Last November, Maclean’s columnist Paul Wells wrote a piece on the Canada – EU Trade Agreement in which he expressed doubt about the ability to conclude the deal (“Everybody connected to the negotiations assures me there will be a deal. Every public sign I see makes me think there won’t.”). I was skeptical about the prospect of years of negotiations falling apart and expected the political level meetings in November to wrap things up. They didn’t. Last month, International Trade Minister Ed Fast and his European counterpart Karel de Gucht tried again. Still no deal.
While Fast wants everyone to believe that momentum is building toward an agreement, it clearly is not. Over the last year, Canada’s lead lawyer on the negotiations resigned, Canada’s lead agricultural negotiator was re-assigned, and the EU’s lead negotiator has added the EU – Vietnam agreement to his responsibilities with rumours that he will head the EU – Japan trade talks. Fast says he won’t negotiate the agreement in the media and then proceeds to do exactly that by staking out positions on agriculture and investment. The same business groups that have been lobbying for the deal issue a public letter on the agreement that does little other than promise “future support.”
All of this adds up to missed deadline after missed deadline. In 2010, officials said the deal would be completed in 2011. In early 2011, they said it would be completed by the end of the year. By late 2011, the deadline had moved to 2012. Yet it is now 2013 and Fast admitted this week that there may not be an agreement this year.
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With only limited fanfare, earlier this month Industry Minister Christian Paradis introduced Bill C-56, the Combating Counterfeit Products Act. Since no one supports counterfeit products – there are legitimate concerns associated with health and safety – measures designed to address the issue would presumably enjoy public and all-party support. Yet within days of its introduction, the bill was the target of attacks from both opposition parties and the public.
The NDP raised the issue during Question Period in the House of Commons, accusing the government of trying to implement the widely discredited Anti-Counterfeiting Trade Agreement (ACTA) “through the backdoor.” The public also picked up on the issue, noting that the bill appears to be less about protecting Canadians and more about caving to U.S. pressure (the U.S. called on Canada to implement ACTA on the same day the bill was tabled).
My weekly technology law column (Toronto Star version, homepage version) notes the concerns associated with the bill fall into two main categories: substance and ACTA implementation. The substantive concerns start with the decision to grant customs officials broad new powers without court oversight. Under the bill, customs officials are required to assess whether goods entering or exiting the country infringe any copyright or trademark rights.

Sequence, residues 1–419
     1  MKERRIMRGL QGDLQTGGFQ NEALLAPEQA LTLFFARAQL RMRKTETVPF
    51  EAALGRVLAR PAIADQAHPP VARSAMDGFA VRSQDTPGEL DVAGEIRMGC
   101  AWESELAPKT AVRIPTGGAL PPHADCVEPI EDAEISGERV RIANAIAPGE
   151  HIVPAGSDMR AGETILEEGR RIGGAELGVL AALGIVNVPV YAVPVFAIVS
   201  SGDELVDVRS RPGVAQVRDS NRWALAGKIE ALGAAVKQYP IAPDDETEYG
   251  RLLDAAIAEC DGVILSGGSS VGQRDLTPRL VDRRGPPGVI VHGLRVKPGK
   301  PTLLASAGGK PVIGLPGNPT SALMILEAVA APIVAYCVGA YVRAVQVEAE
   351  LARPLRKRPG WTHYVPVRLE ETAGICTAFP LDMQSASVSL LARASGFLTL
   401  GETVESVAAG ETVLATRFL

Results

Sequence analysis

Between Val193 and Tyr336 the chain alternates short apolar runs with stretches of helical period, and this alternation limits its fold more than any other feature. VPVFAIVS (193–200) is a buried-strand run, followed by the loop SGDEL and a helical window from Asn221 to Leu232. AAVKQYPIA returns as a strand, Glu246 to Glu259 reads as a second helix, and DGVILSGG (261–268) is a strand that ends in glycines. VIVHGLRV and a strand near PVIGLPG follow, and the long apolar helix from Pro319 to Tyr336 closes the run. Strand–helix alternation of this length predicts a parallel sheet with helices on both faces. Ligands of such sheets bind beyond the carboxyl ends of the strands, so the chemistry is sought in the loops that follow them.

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Appeared in the Toronto Star on March 9, 2013 as What’s Really Behind Ottawa’s Anti-Counterfeiting Bill? With only limited fanfare, earlier this month Industry Minister Christian Paradis introduced Bill C-56, the Combating Counterfeit Products Act. Since no one supports counterfeit products – there are legitimate concerns associated with health and […]
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Canipre, a Montreal-based intellectual property rights enforcement firm, has admitted that it is behind the Voltage file sharing lawsuits involving TekSavvy in what is described as a “speculative invoicing” scheme. Often referred to as copyright trolling, speculative invoicing involves sending hundreds or thousands of demand letters alleging copyright infringement and seeking thousands of dollars in compensation. Those cases rarely – if ever – go to court as the intent is simply to scare enough people into settling in order to generate a profit.
Canadian Business reports that Canipre’s goal is to import the speculative invoicing strategy to Canada and that it found a willing partner in Voltage Pictures. Canipre collected thousands of IP addresses that are alleged to have downloaded Voltage films and Voltage is now asking the Federal Court to order TekSavvy to disclose the subscriber names linked to the IP addresses.
The Canipre admission is important because it is consistent with arguments that the case involves copyright trolling and that the Federal Court should not support the scheme by ordering the disclosure of subscriber contact information.
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Last week I wrote about the National Post seeking $150 licences for posting short excerpts online. It appears that the paper has now dropped the system.
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